Also!!! He totally gets ruins now! "פעם זה היה בית. עכשיו זה נשבר/Once this was a house. Now it is broken." Yep, that's about right.




Wednesday, April 9, 2014

A Cheating Post

As some of you may know, I also blog over at Jewish Values Online. Normally, the posts are a mix of semi-serious and snark. However, this week's blog post was something that I think my snark-only ABA readers would enjoy. So, here is the link, if you haven't read it yet.

If you have, I apologize for posting a new post here that's really just an old post from somewhere else.

Is it naptime yet?


Sunday, March 30, 2014

I've Done So Much for Pesach Already!

Read it and weep, ladies. And then save those buckets of tears cuz I'm coming over with celery. (That was trash-talk, Pesach style).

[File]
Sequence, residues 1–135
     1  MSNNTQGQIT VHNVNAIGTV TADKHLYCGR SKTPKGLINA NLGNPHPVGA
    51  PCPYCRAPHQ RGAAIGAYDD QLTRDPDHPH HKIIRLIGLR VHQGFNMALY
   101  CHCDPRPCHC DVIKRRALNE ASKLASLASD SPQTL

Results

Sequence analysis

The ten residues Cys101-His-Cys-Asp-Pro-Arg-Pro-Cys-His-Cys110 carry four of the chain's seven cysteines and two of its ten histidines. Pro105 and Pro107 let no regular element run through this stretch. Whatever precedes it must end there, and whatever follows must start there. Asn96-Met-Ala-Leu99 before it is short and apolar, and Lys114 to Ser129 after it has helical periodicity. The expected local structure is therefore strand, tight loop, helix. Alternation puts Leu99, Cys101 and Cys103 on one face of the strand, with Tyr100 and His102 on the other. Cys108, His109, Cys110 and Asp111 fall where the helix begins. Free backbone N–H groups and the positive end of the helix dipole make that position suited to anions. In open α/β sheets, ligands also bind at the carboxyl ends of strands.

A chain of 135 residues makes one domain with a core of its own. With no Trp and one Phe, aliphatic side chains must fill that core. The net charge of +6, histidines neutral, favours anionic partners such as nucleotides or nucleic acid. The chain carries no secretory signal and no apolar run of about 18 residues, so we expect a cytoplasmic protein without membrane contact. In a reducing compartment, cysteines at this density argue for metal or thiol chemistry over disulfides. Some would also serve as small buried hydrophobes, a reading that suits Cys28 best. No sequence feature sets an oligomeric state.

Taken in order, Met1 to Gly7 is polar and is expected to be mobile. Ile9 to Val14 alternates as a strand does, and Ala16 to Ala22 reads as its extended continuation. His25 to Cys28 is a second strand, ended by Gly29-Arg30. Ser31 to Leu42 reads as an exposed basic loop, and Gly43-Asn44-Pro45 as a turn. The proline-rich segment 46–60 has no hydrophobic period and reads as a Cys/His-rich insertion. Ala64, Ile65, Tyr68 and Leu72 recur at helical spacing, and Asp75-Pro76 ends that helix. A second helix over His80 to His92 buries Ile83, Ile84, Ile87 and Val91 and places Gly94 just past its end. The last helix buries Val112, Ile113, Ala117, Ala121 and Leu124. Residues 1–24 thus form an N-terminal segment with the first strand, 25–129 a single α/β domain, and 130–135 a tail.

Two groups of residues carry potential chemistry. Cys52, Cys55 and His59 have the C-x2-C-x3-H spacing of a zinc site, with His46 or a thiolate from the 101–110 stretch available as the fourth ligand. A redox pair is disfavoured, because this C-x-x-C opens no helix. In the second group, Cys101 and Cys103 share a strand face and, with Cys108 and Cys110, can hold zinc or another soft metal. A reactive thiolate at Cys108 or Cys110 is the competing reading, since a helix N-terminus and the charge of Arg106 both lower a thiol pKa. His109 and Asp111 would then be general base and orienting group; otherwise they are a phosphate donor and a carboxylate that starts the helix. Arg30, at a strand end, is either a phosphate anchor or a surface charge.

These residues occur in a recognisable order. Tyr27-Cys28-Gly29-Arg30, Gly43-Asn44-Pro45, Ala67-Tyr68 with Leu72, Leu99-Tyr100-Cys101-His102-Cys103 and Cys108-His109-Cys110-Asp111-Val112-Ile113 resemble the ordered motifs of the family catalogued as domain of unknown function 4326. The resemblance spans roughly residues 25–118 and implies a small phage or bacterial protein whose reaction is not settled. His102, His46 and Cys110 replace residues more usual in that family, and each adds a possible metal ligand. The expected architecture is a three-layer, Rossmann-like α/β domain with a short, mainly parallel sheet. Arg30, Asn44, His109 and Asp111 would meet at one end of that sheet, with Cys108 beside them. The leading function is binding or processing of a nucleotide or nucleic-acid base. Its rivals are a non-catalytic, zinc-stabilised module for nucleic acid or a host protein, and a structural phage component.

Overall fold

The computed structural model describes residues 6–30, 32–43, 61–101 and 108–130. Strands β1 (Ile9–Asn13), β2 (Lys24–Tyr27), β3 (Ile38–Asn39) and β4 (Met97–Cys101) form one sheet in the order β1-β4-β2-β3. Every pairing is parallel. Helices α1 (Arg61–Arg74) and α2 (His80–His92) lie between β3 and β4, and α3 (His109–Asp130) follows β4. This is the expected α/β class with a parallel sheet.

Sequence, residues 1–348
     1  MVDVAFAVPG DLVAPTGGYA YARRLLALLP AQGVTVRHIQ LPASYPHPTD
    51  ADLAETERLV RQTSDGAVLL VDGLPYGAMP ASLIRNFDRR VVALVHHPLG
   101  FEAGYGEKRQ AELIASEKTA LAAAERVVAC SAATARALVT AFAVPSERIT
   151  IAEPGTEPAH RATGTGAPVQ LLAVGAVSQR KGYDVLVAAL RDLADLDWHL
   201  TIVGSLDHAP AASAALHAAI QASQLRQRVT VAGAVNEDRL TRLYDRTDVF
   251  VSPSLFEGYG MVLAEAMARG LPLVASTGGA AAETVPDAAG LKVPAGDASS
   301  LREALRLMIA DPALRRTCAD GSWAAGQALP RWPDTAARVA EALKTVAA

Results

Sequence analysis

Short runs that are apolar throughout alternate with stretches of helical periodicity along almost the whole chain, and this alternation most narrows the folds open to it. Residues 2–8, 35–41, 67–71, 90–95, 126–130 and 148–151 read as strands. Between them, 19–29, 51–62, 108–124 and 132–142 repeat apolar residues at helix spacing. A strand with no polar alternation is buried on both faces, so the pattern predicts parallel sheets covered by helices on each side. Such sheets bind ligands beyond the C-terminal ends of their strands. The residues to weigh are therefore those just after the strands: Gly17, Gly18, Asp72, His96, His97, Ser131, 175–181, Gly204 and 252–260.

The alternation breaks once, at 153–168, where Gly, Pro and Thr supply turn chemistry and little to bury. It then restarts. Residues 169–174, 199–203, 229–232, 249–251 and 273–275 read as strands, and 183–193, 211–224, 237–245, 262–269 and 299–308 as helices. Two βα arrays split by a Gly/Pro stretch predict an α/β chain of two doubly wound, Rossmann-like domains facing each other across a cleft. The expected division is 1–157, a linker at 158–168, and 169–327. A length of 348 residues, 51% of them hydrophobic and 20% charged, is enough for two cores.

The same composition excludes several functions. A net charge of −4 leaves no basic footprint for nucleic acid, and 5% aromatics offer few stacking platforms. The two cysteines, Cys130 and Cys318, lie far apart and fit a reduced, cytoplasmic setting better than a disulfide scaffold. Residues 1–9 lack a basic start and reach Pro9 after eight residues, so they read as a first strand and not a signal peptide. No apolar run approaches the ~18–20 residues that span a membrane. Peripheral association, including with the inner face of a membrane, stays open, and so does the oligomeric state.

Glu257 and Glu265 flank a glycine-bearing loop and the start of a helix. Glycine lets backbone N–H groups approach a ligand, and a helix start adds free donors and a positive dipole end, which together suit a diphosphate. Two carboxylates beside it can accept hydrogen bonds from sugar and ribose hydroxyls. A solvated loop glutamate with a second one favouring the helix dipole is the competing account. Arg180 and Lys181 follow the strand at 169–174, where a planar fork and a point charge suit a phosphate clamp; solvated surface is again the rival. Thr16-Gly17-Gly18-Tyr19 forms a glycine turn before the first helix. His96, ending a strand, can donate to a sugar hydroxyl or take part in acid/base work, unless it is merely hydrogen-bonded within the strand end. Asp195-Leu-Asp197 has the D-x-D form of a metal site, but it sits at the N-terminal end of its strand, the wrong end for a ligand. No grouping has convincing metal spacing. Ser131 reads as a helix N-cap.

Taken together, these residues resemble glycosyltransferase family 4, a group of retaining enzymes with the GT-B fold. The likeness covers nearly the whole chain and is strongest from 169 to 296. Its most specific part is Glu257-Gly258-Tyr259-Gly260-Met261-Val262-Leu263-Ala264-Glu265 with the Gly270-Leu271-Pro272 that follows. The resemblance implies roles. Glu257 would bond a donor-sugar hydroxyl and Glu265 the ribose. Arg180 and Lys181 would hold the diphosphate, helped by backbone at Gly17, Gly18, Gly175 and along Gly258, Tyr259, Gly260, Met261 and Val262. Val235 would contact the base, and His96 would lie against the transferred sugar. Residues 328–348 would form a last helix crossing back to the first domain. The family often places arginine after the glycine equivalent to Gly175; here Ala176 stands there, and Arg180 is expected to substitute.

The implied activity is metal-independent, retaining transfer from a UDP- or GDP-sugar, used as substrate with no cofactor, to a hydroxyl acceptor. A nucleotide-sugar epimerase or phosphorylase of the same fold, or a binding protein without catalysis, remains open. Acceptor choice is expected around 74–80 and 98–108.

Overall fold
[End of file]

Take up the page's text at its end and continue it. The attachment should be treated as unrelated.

What I've Done So Far:

Thought: Hmmm, Pesach is coming.

Confirmed our Seder guests. (Two of Ariella's favorite aunts - Aunt Gitte and Aunt Talia, plus Uncle Jonathan, who Ariella will begrudgingly allow to come because Aunt Talia doesn't like leaving him alone for the holidays).

Imagined Pesach preparations. In my mind's eye, I saw myself cleaning the kitchen, vacuuming the toy boxes and buying the food. Perfect.

Opened my old Pesach lists. Note: This was not as easy as it sounds! My files were still on my old cmputer, necessitating me to:
1. Find the old computer
2. Find the power cord that matches the old computer
3. Turn on the old computer
4. Realize this is actually the old old computer which does not have my files on it
5. Find the newer old computer (NOC)
6. Find the power cord that matches NOC
7. Turn on NOC
8. Panic because NOC immediately switches to a blank, black screen, with only a non-blinking white cursor line in the upper lefthand corner.
9. Immediately text and then follow up with an urgent call to Donny to solve my problem.